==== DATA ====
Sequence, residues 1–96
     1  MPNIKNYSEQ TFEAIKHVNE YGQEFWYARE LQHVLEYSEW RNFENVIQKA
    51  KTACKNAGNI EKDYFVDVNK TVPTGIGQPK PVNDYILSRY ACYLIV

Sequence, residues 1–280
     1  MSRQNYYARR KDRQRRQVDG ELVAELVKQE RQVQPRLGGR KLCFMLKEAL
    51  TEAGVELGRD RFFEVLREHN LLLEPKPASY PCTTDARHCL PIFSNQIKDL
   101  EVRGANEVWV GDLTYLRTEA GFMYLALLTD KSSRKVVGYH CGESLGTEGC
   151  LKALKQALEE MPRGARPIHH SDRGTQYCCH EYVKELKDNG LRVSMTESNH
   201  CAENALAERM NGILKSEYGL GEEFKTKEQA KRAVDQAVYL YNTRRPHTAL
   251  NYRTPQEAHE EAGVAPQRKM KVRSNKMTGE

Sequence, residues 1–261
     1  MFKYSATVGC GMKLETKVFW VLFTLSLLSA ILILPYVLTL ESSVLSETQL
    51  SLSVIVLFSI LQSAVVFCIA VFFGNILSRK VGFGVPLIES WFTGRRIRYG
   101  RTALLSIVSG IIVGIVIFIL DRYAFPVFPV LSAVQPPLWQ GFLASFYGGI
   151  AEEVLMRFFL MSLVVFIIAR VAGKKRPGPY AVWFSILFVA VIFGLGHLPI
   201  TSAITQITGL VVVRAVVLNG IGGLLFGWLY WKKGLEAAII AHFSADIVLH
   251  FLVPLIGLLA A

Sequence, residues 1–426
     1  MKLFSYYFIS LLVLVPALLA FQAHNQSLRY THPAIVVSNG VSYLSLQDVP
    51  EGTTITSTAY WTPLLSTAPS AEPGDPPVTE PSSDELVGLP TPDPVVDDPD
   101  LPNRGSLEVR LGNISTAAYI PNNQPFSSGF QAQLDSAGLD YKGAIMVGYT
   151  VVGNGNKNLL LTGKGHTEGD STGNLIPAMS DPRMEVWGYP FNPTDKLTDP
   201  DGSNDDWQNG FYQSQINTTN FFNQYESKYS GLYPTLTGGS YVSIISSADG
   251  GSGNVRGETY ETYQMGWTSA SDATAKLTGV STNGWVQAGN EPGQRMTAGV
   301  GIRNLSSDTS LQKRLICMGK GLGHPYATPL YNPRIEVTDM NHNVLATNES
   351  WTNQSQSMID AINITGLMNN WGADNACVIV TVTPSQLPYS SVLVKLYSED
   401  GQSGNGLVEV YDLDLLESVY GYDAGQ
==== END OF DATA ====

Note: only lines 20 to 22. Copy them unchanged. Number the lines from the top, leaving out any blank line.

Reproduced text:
    51  EGTTITSTAY WTPLLSTAPS AEPGDPPVTE PSSDELVGLP TPDPVVDDPD
   101  LPNRGSLEVR LGNISTAAYI PNNQPFSSGF QAQLDSAGLD YKGAIMVGYT
   151  VVGNGNKNLL LTGKGHTEGD STGNLIPAMS DPRMEVWGYP FNPTDKLTDP